The Sussexes blame the palace for son Archie's birth certificate name change
Get caught up on all the global royals news you might have missed in January 2021– from some happy birthdays and a duchess's historical romance novel to a royal coronavirus lockdown travel scandal, the sovereigns who got their COVID-19 vaccines and more… Let's start with this rare rebuke… In late January, The Sun reported that it had discovered that a month after Prince Harry and Duchess Meghan welcomed son Archie Harrison Mountbatten-Windsor in 2019, Meghan changed the way their names appear on his birth certificate. Meghan "secretly erase[d]" her first and middle names, Rachel Meghan, so that Archie's mother would be identified as simply "Her Royal Highness the Duchess of Sussex." The father entry added Harry's "Prince" title to make it read, "His Royal Highness Prince Henry Charles Albert David Duke of Sussex." The Sun framed the change as potentially "a snub to the Cambridges who have included [Duchess] Kate's names on her children's certificates" or "Harry aligning his wife with mum [Princess Diana], who always used 'Her Royal Highness the Princess of Wales.'" But on Jan. 31, Meghan's spokesperson told media outlets that Buckingham Palace made the call to erase her names — not them. "The change of name on public documents in 2019 was dictated by The Palace, as confirmed by documents from senior Palace officials," her spokesperson said in a statement. "This was not requested by Meghan, The Duchess of Sussex nor by The Duke of Sussex. To see this U.K. tabloid and their carnival of so-called 'experts' chose to deceptively whip this into a calculated family 'snub' and suggest that she would oddly want to be nameless on her child's birth certificate, or any other legal document, would be laughable were it not offensive. There's a lot going on in the world; let's focus on that rather than creating clickbait." Keep reading for more…
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British royal family reality show footage leaked on YouTube
On Jan. 28, it emerged that what was essentially a reality show featuring Britain's royal family — the 1969 BBC fly-on-the-wall documentary called, appropriately, "Royal Family" — had somehow been leaked on YouTube after being banned by Queen Elizabeth II in 1972 from ever being shown again because, MailOnline reported, it was thought to cheapen the family's reputation. The leak caused quite a stir as it not only showed the monarch, Prince Philip and their children in casual clothing and settings but captured some of their everyday conversations — things that would never happen today. Thousands of people viewed the leaked footage — the filming of which was a storyline on season 3 of "The Crown" — before it was taken down for copyright infringement claims, according to MailOnline.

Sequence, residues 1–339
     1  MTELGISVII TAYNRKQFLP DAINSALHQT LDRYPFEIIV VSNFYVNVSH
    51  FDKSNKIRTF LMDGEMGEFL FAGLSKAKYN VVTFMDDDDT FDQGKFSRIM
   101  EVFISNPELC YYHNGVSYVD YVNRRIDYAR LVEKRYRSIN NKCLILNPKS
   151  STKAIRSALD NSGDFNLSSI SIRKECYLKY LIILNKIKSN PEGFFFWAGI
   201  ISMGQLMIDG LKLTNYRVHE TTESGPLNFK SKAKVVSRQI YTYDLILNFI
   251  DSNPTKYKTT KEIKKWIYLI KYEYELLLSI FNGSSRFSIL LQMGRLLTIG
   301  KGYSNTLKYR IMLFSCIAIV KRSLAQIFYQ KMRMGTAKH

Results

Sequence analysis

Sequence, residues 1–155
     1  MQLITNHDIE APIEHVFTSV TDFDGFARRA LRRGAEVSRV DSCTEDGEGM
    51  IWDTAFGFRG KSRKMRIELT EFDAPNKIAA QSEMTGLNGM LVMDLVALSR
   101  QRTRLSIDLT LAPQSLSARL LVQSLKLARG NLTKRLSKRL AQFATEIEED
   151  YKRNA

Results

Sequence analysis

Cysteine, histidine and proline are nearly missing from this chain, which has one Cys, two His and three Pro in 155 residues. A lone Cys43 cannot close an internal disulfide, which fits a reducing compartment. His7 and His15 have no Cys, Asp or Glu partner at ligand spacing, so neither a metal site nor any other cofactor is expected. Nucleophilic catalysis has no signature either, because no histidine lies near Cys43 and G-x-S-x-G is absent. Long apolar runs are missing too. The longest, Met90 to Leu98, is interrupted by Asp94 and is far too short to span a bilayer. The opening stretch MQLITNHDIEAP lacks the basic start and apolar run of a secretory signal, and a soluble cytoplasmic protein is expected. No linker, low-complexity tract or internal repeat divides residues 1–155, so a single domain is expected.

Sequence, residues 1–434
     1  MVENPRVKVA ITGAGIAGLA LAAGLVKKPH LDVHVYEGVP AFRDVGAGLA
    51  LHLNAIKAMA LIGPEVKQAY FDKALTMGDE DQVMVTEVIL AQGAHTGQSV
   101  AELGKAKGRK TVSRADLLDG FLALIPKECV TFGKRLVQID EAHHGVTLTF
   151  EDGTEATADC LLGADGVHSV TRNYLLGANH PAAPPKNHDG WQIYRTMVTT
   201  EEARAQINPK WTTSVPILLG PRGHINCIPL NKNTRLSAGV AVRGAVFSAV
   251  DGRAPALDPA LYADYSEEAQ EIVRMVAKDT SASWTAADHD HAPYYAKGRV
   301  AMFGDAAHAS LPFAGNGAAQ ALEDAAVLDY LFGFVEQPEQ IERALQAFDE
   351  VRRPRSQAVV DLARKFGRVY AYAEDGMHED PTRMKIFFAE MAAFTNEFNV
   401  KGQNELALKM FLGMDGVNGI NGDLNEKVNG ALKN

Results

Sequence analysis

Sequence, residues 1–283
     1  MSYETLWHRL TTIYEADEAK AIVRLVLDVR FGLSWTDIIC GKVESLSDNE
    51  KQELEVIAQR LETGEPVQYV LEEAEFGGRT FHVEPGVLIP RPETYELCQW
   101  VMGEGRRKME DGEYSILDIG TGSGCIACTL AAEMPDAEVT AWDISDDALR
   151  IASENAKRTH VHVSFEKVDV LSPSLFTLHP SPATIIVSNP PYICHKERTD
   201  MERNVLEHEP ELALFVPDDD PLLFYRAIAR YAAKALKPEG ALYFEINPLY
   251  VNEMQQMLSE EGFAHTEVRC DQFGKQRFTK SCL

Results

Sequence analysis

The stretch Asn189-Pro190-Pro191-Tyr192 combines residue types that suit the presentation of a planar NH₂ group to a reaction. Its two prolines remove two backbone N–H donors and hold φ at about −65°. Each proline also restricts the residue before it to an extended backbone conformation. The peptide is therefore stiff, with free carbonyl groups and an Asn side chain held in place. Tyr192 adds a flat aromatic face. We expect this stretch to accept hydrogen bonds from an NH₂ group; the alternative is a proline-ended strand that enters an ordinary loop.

First photo of Kristen Stewart as Princess Diana in "Spencer" is released as filming begins
On Jan. 27, the production teams behind the upcoming film "Spencer" released the first photo of actress Kristen Stewart as Princess Diana. The movie from filmmaker Pablo Larraín, who's perhaps best known for directing Natalie Portman in "Jackie," the 2016 biographical drama about former first lady Jacqueline Kennedy Onassis, features a script by "Peaky Blinders" creator-writer Steven Knight and will focus on "one weekend in the life of Princess Diana, as she spends the Christmas holiday with the royal family at the Sandringham estate in Norfolk, and decides to leave her marriage to Prince Charles," a press release explained. The movie, which is expected to be released in the fall of 2021, is filming in Germany and Britain. In an interview with InStyle published in 2020, Kristen opened up about how she was preparing to play the former Lady Diana Spencer and why she was feeling pressure to get it right. "It's one of the saddest stories to exist ever, and I don't want to just play Diana — I want to know her implicitly. I haven't been this excited about playing a part, by the way, in so long," she said.
The Cambridges have a new puppy